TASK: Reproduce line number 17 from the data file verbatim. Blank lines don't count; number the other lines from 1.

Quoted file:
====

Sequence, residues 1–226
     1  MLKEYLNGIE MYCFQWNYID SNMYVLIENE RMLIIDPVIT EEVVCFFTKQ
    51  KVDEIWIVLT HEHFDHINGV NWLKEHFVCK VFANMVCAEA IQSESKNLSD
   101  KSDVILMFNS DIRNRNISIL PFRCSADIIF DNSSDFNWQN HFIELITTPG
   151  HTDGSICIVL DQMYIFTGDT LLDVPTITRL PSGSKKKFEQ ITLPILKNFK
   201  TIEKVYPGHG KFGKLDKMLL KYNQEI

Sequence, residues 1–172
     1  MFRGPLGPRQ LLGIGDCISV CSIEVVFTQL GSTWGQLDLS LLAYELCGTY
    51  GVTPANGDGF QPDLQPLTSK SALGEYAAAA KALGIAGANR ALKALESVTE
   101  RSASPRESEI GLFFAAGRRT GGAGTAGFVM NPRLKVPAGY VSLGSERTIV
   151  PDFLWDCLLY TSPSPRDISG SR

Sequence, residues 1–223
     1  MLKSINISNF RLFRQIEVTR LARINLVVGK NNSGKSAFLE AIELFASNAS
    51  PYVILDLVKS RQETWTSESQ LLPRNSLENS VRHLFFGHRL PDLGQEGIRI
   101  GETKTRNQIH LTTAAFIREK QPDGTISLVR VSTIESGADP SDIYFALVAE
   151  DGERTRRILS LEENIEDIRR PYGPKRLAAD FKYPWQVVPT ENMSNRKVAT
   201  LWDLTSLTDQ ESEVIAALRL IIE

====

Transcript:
   201  LWDLTSLTDQ ESEVIAALRL IIE